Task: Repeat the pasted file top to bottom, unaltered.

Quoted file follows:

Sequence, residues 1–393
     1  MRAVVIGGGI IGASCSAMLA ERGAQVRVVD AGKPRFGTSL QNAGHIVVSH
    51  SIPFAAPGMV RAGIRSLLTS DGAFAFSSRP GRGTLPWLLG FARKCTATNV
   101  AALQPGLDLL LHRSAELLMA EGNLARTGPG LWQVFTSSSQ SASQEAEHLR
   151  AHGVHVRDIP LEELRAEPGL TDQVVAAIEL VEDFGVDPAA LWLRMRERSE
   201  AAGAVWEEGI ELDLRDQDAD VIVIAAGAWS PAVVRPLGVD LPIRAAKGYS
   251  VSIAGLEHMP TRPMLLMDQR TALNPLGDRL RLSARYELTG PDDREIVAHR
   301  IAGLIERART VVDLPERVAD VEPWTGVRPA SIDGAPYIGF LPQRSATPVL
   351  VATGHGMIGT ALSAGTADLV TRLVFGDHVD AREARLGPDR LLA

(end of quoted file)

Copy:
Sequence, residues 1–393
     1  MRAVVIGGGI IGASCSAMLA ERGAQVRVVD AGKPRFGTSL QNAGHIVVSH
    51  SIPFAAPGMV RAGIRSLLTS DGAFAFSSRP GRGTLPWLLG FARKCTATNV
   101  AALQPGLDLL LHRSAELLMA EGNLARTGPG LWQVFTSSSQ SASQEAEHLR
   151  AHGVHVRDIP LEELRAEPGL TDQVVAAIEL VEDFGVDPAA LWLRMRERSE
   201  AAGAVWEEGI ELDLRDQDAD VIVIAAGAWS PAVVRPLGVD LPIRAAKGYS
   251  VSIAGLEHMP TRPMLLMDQR TALNPLGDRL RLSARYELTG PDDREIVAHR
   301  IAGLIERART VVDLPERVAD VEPWTGVRPA SIDGAPYIGF LPQRSATPVL
   351  VATGHGMIGT ALSAGTADLV TRLVFGDHVD AREARLGPDR LLA